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Scotbet becomes a member of Senet Group

TAGs: royal baby, Scotbet, senet group

Scotbet becomes a member of Senet GroupThe Scottish independent betting shop group Scotbet announced on Tuesday that it has joined the Senet Group, becoming the first new member of the self-regulatory body.

Scotbet joins founder members William Hill, Ladbrokes, Coral and Paddy Power in committing to abide by a code of conduct meant to ensure high industry standards of social responsibility in gambling.

“We’ve always placed a high priority on promoting responsible gambling, so it seemed natural to join Senet as a mark of our commitment to that principle,” said Scotbet Chairman John Heaton. “In keeping with Senet’s rules, we have withdrawn all advertising of gaming machines from shop windows and will be devoting 20% of window advertising to responsible gambling messages.”

“While most customers enjoy betting safely, it’s important that the industry plays its part in protecting vulnerable people. We look forward to working with Senet to achieve that goal.”

“We’re delighted to have Scotbet on board. We now have about 90% of betting shops in Scotland signed up, which is good news for their customers and all those who want to see higher standards of responsible gambling,” said Senet Group Chairwoman Wanda Goldwag.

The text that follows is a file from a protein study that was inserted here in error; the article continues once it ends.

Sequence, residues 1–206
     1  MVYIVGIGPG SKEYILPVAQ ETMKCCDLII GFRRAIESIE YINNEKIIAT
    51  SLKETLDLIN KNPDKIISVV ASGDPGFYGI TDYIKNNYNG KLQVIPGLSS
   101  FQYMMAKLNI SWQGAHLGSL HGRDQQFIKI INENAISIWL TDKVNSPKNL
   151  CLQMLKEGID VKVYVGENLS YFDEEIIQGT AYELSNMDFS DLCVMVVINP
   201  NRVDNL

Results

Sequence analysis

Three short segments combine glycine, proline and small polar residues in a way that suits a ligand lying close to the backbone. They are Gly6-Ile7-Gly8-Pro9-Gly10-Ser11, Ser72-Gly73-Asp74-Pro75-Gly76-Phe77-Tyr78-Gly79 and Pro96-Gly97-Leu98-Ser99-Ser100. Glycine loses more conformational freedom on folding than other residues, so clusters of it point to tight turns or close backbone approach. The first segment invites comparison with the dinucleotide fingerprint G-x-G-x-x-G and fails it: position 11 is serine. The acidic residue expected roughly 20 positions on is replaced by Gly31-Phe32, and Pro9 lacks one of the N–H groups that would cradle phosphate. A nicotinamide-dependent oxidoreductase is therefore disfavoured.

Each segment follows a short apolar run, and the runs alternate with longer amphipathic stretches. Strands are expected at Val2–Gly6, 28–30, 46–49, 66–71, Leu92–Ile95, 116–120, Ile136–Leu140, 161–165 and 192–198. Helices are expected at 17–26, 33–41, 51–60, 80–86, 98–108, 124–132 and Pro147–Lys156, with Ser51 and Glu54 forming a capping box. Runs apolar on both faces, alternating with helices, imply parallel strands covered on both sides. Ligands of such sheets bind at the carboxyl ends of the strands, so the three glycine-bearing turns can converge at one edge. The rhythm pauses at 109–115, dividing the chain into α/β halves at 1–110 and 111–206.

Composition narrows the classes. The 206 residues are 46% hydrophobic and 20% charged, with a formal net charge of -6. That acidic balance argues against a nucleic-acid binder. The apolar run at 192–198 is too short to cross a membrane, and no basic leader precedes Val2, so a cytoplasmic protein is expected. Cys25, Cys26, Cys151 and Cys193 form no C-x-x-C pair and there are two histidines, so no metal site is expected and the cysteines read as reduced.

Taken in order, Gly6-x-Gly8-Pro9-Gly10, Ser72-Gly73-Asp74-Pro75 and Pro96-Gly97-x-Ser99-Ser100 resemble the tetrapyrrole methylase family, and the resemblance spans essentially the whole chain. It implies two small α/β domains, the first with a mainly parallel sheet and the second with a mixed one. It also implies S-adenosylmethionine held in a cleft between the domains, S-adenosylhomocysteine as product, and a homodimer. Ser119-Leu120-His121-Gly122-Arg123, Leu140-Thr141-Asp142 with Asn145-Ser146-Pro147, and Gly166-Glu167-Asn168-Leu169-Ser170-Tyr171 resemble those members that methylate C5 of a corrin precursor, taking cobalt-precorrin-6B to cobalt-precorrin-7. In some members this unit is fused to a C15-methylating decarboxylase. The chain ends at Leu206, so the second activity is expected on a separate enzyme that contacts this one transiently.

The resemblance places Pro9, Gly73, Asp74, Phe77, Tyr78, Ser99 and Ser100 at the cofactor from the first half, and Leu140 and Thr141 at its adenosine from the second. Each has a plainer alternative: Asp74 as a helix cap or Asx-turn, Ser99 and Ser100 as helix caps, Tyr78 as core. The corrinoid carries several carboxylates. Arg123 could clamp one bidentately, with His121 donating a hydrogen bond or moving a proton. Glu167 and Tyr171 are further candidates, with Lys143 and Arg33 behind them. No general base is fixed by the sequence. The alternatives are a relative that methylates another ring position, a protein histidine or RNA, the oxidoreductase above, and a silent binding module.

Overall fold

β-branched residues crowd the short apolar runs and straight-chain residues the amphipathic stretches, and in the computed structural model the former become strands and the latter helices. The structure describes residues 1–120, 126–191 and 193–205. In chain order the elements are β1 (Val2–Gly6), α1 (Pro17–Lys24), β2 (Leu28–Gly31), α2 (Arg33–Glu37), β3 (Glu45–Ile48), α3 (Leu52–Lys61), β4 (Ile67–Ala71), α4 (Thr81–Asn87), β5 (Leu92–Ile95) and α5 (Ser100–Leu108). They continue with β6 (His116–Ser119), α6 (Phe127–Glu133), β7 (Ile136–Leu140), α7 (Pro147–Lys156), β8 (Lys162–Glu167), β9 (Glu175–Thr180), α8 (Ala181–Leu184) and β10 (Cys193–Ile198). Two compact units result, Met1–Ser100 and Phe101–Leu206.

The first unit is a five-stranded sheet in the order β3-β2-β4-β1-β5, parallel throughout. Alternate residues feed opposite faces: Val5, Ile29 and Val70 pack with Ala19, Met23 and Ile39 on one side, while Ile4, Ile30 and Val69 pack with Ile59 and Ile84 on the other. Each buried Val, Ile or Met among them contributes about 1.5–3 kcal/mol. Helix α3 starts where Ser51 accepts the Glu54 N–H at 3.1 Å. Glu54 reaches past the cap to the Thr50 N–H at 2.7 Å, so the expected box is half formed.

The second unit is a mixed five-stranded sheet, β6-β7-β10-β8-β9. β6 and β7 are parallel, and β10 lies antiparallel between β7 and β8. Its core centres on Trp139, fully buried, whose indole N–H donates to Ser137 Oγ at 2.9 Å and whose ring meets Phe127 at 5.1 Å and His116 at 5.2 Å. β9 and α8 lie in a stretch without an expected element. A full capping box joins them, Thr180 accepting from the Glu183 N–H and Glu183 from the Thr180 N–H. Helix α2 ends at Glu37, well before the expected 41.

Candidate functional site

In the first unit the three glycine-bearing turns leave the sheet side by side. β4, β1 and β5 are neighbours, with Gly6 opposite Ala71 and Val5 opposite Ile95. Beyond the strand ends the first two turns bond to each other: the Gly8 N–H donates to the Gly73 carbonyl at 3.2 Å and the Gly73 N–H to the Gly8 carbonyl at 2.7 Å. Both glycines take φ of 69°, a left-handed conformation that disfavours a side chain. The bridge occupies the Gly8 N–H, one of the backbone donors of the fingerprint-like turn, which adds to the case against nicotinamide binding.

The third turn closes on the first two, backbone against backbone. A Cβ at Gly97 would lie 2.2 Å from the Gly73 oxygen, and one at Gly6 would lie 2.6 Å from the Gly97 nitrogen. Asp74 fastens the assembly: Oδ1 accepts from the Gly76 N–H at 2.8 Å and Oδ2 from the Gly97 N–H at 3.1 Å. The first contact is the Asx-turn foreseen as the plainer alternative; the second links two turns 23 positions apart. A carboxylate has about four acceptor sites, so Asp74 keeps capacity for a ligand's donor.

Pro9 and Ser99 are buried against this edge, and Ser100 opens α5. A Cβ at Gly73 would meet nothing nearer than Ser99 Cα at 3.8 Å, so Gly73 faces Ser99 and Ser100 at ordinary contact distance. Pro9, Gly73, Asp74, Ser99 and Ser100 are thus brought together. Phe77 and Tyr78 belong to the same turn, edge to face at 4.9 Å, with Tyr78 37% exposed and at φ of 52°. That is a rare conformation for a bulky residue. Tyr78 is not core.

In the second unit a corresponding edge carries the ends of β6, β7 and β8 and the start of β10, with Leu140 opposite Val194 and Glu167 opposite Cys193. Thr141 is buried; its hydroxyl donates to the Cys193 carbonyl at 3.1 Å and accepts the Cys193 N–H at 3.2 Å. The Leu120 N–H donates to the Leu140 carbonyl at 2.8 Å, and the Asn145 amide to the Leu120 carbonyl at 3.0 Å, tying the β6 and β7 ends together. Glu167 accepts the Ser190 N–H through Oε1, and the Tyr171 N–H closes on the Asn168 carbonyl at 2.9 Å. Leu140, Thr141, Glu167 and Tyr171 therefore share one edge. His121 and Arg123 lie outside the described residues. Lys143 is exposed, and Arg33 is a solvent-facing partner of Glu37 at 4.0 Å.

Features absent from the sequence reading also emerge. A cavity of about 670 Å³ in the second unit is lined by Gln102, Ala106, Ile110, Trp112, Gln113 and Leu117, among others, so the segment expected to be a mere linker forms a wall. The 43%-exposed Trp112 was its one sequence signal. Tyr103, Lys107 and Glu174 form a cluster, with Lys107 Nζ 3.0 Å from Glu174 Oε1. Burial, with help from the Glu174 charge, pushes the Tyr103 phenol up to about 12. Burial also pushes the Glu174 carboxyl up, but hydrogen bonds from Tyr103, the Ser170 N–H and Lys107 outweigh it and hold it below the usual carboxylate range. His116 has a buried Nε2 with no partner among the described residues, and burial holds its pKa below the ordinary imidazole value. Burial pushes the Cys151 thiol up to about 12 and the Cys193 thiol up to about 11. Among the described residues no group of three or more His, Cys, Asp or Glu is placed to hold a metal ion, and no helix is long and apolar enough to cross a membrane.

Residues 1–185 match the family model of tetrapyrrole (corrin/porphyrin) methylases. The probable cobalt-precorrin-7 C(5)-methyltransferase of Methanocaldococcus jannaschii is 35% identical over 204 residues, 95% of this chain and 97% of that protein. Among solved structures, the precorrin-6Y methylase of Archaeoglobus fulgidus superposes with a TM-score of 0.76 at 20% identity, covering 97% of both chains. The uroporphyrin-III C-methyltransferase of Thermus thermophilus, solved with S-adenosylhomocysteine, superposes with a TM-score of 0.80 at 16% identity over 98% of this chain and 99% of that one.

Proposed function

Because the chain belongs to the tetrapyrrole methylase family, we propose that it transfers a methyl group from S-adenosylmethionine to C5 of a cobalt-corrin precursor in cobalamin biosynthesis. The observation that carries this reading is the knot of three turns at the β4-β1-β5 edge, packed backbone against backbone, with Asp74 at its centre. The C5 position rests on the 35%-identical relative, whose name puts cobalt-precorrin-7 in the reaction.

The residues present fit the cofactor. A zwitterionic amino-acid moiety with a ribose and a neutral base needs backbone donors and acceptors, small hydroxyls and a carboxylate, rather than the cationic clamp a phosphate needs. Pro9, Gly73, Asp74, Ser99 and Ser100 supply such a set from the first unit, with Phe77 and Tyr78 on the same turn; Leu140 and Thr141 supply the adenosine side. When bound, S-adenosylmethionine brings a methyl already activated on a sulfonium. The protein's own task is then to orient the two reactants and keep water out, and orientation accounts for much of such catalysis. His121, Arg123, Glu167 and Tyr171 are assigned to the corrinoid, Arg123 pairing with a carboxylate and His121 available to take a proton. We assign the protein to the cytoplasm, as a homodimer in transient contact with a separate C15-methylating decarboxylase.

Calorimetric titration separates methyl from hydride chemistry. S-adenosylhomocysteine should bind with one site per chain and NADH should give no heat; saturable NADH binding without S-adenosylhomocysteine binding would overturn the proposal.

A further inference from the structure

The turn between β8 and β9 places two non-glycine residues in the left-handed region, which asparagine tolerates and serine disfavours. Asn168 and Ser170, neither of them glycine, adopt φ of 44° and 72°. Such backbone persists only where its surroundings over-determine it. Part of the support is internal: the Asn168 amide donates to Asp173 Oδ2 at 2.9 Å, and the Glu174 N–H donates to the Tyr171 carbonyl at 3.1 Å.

Royal baby Princess Charlotte, not good news for bookies

The Duke and Duchess of Cambridge have called their baby daughter Charlotte Elizabeth Diana.

As bookies estimate £1m ($1.5m) payouts to punters, some speculate that a rush to make bets on the name “Charlotte” in the last few days could be an indication that someone on “the inside” knew what the name would be.

“It sets off alarm bells that maybe there has been information leaked from the palace, and so the public followed the money,” said Coral spokesperson Nicola McGeady.

Coral saw more than 60% of bets on Charlotte in the last 24 hours, producing the company’s largest payout for this type of contest. Likewise, referring to bets made on the baby’s gender in the last six months, McGeady said that “it should have been a coin toss, but the money was so lopsided in favor of the girl.”

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